The National Transportation Safety Board determined today that the cause of the March 2009 deadly crash of a Pilatus airplane was a series of operational errors made by the pilot. The pilot failed to ensure that a fuel system icing inhibitor (FSII), commonly referenced by the brand name "Prist", was added to the fuel prior to the accident flight. The pilot also failed to take appropriate remedial actions, including diverting to a suitable airport, after the airplane warning systems indicated a low fuel pressure state that ultimately resulted in a significant lateral fuel imbalance. And, the pilot lost control while maneuvering the left-wing-heavy airplane near the approach end of the runway.
"The pilot's pattern of poor decision making set in motion a series of events that culminated in the deadly crash," said NTSB Chairman Deborah A. P. Hersman. "Humans will make mistakes, but that is why following procedures, using checklists and always ensuring that a safety margin exists are so essential - aviation is not forgiving when it comes to errors."
On March 22, 2009, at about 2:32 pm (MDT), a Pilatus PC-12/45, N128CM, crashed about 2,100 feet west of runway 33 at Bert Mooney Airport (BTM) in Butte, Montana. The flight departed Oroville Municipal Airport in Oroville, California, en route to Gallatin Field in Bozeman, Montana but the pilot diverted to Butte for unknown reasons. The pilot and the 13 passengers were fatally injured and the aircraft was substantially damaged by impact forces and a post-crash fire. The airplane was owned by Eagle Cap Leasing of Enterprise, Oregon, and was operating as a personal flight under the provisions of 14 Code of Federal Regulations Part 91. Visual meteorological conditions prevailed at the time of the accident.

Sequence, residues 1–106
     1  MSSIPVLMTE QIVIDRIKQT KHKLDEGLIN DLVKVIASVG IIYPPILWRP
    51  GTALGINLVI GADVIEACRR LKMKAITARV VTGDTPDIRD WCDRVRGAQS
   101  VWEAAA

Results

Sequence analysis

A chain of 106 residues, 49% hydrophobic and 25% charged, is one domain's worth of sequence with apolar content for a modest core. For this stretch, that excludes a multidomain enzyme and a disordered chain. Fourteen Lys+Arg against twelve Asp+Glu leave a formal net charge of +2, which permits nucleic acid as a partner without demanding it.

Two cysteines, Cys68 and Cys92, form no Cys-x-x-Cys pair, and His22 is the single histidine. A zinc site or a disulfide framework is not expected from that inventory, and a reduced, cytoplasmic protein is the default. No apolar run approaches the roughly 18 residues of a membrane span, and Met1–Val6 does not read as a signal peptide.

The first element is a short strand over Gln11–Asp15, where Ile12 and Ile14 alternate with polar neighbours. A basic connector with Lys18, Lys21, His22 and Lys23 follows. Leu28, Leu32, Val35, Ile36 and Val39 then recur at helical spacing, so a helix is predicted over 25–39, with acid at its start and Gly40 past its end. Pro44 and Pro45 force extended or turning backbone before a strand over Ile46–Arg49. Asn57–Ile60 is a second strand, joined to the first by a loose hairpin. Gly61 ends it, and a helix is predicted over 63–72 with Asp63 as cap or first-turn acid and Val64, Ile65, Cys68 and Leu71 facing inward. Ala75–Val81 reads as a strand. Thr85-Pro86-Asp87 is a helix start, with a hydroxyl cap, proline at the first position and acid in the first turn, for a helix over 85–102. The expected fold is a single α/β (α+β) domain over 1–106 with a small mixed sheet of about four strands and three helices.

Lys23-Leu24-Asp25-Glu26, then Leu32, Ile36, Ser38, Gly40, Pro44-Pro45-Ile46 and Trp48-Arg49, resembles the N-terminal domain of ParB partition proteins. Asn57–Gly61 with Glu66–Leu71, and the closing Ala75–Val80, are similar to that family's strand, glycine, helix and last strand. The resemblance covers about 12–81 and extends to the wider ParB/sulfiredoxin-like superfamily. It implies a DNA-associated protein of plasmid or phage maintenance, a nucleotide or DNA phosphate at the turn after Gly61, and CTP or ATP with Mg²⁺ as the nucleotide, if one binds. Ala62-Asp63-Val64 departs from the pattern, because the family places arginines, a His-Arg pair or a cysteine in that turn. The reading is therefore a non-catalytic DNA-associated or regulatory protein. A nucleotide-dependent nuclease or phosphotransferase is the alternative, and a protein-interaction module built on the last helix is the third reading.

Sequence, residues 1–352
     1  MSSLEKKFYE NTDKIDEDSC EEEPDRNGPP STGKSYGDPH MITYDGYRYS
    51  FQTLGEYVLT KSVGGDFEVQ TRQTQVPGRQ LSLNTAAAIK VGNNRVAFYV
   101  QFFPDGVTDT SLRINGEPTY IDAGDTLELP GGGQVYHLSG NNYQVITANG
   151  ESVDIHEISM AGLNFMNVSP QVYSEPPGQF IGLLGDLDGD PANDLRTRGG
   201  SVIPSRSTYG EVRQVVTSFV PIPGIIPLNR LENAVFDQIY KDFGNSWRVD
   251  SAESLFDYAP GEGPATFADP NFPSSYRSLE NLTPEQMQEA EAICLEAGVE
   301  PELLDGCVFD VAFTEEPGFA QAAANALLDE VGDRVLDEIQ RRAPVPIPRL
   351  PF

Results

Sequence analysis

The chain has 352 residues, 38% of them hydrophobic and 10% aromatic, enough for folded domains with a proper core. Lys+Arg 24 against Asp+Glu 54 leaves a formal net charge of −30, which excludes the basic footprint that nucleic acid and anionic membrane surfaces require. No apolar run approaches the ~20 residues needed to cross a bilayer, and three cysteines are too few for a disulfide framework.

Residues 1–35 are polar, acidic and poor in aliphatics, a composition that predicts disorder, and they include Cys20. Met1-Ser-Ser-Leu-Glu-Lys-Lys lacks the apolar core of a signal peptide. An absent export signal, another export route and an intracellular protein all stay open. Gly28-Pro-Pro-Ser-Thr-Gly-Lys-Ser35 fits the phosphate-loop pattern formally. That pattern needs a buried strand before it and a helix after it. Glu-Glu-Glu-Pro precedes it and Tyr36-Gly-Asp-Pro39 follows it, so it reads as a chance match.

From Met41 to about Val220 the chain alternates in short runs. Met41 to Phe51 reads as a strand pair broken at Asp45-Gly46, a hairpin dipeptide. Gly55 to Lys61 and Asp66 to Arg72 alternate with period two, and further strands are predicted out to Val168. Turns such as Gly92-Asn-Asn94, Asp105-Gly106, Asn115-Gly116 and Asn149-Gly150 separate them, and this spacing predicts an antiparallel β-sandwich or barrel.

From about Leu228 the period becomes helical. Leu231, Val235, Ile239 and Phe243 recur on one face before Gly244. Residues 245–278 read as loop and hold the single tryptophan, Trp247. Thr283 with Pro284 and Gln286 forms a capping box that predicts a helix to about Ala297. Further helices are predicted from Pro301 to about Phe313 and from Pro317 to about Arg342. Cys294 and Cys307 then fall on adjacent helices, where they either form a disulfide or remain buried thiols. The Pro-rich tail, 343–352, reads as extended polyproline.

During the investigation, the NTSB determined that the pilot did not add a fuel system icing inhibitor when the airplane was fueled on the day of the accident. The Pilatus flight manual states that a fuel system icing inhibitor must be used for all flight operations in ambient temperatures below 0 degrees Celsius to prevent ice formation in the fuel system. The NTSB concluded that the airplane experienced icing in the fuel system which resulted in a left-wing-heavy fuel imbalance. The increasing fuel level in the left tank and the depletion of the fuel from the right tank should have been apparent to the pilot because that information was presented on the fuel quantity indicator. This should have prompted the pilot to divert the airplane to an airport earlier in the flight as specified by the airplane manufacturer.
The NTSB issued recommendations to the Federal Aviation Administration and the European Aviation Safety Agency, to require fuel filler placards and guidance on fuel system icing prevention.
A synopsis of the NTSB report, including the probable cause, findings, and safety recommendations, is available on the NTSB website.
The full report will be available on the website in several weeks.